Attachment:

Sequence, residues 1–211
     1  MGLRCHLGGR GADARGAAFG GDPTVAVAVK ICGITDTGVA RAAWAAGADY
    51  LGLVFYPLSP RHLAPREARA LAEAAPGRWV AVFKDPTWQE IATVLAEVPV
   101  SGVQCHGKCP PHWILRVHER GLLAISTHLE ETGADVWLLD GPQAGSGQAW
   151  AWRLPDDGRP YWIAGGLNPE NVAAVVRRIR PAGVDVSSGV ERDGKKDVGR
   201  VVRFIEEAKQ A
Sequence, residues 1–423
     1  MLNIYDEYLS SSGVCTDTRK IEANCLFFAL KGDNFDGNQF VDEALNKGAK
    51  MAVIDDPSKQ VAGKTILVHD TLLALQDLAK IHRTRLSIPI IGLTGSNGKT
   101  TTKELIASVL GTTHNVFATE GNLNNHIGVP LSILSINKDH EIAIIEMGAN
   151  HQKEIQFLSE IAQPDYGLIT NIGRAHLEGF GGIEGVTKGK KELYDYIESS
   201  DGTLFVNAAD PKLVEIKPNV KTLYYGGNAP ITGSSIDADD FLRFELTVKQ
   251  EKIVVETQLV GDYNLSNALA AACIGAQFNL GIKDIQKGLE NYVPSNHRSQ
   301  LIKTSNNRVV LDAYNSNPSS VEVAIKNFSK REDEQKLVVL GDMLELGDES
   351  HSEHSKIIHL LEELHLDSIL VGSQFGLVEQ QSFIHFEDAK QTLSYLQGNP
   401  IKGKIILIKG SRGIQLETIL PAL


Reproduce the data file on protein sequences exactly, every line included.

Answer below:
Sequence, residues 1–211
     1  MGLRCHLGGR GADARGAAFG GDPTVAVAVK ICGITDTGVA RAAWAAGADY
    51  LGLVFYPLSP RHLAPREARA LAEAAPGRWV AVFKDPTWQE IATVLAEVPV
   101  SGVQCHGKCP PHWILRVHER GLLAISTHLE ETGADVWLLD GPQAGSGQAW
   151  AWRLPDDGRP YWIAGGLNPE NVAAVVRRIR PAGVDVSSGV ERDGKKDVGR
   201  VVRFIEEAKQ A
Sequence, residues 1–423
     1  MLNIYDEYLS SSGVCTDTRK IEANCLFFAL KGDNFDGNQF VDEALNKGAK
    51  MAVIDDPSKQ VAGKTILVHD TLLALQDLAK IHRTRLSIPI IGLTGSNGKT
   101  TTKELIASVL GTTHNVFATE GNLNNHIGVP LSILSINKDH EIAIIEMGAN
   151  HQKEIQFLSE IAQPDYGLIT NIGRAHLEGF GGIEGVTKGK KELYDYIESS
   201  DGTLFVNAAD PKLVEIKPNV KTLYYGGNAP ITGSSIDADD FLRFELTVKQ
   251  EKIVVETQLV GDYNLSNALA AACIGAQFNL GIKDIQKGLE NYVPSNHRSQ
   301  LIKTSNNRVV LDAYNSNPSS VEVAIKNFSK REDEQKLVVL GDMLELGDES
   351  HSEHSKIIHL LEELHLDSIL VGSQFGLVEQ QSFIHFEDAK QTLSYLQGNP
   401  IKGKIILIKG SRGIQLETIL PAL